Step 2: COUNT YOUR STEPS
Commonly, you'll find that they have 14 beads separated into two groups: 9 on the bottom, and 4 on top. Depending on how you use the pace counter, you can keep track of your individual paces, or a set distance traveled. For example, let's say you've measured the distance you take on an average step, or pace (on flat terrain, a person averages 30"-36" per step)*. Now for every ten steps you take, move down one of the bottom beads. You continue to do this until you've reached 90 paces, or 9 beads. This time, when you reach 100 paces, you move down 1 of the upper beads and reset all of the lower ones. In this way you can accurately keep track of up to 500 paces. And if you already know how large your pace is, you can approximate the distance traveled. You can also measure larger distances if you already know how many paces it takes to travel a set distance. Most people will do this using 100m as "1 bead distance", and following the same process as before you've gone from measuring 500 individual paces to 5 kilometers!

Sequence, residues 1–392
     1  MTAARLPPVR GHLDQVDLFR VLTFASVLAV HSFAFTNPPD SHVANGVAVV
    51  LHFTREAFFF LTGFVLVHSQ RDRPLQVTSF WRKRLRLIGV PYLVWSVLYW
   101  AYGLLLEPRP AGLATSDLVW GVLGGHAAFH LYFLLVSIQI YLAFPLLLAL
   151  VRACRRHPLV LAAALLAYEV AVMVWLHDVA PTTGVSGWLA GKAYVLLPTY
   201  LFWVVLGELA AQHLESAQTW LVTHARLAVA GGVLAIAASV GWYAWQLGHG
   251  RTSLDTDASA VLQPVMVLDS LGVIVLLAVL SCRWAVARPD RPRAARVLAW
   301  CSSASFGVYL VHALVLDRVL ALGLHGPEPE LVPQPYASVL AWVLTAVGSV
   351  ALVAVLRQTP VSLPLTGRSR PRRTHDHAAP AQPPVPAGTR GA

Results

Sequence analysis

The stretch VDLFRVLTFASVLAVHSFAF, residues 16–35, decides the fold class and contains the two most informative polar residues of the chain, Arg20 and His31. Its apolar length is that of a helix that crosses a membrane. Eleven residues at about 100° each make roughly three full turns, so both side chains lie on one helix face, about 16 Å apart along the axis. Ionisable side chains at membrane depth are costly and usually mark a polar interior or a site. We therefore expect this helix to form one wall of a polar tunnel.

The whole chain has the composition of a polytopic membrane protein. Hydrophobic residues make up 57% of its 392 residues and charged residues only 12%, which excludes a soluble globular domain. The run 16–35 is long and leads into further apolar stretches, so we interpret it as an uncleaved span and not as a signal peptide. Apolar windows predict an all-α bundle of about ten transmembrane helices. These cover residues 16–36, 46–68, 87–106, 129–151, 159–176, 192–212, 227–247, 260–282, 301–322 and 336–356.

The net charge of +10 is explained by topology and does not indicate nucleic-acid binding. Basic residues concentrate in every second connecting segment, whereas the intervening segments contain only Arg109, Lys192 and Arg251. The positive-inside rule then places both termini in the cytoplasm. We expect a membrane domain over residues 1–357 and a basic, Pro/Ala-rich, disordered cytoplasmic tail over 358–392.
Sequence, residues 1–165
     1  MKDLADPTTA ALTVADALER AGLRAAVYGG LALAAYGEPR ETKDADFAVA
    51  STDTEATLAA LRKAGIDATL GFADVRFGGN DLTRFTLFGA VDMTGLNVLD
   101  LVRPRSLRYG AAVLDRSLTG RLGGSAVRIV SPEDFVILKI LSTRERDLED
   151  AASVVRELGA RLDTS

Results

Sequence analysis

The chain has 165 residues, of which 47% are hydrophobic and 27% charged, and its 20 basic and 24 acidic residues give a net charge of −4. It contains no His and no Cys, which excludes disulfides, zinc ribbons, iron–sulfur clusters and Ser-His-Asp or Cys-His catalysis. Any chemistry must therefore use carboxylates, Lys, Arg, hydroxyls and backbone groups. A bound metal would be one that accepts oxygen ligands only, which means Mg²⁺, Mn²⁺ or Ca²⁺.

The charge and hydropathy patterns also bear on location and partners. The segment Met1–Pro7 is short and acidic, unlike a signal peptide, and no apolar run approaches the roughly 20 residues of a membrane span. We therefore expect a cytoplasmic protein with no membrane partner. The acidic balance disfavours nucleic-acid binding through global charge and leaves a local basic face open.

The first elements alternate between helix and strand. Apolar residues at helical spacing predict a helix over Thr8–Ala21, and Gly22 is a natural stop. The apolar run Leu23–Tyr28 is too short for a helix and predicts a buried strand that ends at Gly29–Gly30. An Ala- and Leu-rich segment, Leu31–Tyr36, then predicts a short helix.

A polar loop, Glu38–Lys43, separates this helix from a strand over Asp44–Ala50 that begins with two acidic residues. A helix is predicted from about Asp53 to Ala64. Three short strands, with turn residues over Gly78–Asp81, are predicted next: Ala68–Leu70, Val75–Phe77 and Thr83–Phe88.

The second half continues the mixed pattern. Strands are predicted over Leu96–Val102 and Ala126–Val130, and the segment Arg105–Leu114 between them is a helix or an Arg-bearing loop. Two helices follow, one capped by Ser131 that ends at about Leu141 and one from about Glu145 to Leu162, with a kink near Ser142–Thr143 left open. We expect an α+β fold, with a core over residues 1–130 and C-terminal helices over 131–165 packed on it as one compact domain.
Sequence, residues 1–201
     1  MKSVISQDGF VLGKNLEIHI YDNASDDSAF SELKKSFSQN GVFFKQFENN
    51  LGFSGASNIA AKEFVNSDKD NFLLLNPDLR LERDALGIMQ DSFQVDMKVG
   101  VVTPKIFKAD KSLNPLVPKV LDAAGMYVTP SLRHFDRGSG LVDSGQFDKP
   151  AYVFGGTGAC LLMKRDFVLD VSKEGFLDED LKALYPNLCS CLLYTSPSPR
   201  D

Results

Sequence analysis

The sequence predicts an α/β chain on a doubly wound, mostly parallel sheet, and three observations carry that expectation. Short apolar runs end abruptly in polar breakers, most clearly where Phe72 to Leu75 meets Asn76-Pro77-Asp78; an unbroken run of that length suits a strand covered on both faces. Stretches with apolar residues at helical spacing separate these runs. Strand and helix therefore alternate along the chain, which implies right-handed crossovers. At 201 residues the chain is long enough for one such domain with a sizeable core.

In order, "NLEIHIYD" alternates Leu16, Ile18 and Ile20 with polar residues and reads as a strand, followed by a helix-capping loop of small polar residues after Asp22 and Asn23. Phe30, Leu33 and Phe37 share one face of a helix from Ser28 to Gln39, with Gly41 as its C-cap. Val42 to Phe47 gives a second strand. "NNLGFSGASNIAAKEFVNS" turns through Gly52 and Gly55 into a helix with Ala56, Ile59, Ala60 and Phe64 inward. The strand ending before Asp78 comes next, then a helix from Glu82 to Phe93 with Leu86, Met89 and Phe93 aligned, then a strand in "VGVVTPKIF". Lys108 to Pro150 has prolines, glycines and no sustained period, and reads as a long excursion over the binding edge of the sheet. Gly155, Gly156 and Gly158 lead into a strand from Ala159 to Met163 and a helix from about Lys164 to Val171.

Of course, these aren't the only ways to use a pace counter. You can be as creative as you like, and measure anything you want. Suppose you're walking down a long road, you can track your distance by moving a bead every time you pass a telephone pole. Maybe you need to track how many laps you run, or count how many times your boss annoys you throughout the day. Regardless of what you use it for, the pace counter is a perfect way to always have some paracord on hand!
If you want to see how to make your own pace counter, check out this video from ITS Tactical: http://www.youtube.com/watch?v=4MEynCUua-0&feature=g-user-u
*keep in mind that your pace is greatly affected by the terrain you're traversing, i.e. your uphill/bad weather/against the wind pace count will be higher than your flat ground/downhill/good weather/with the wind pace count for the same distance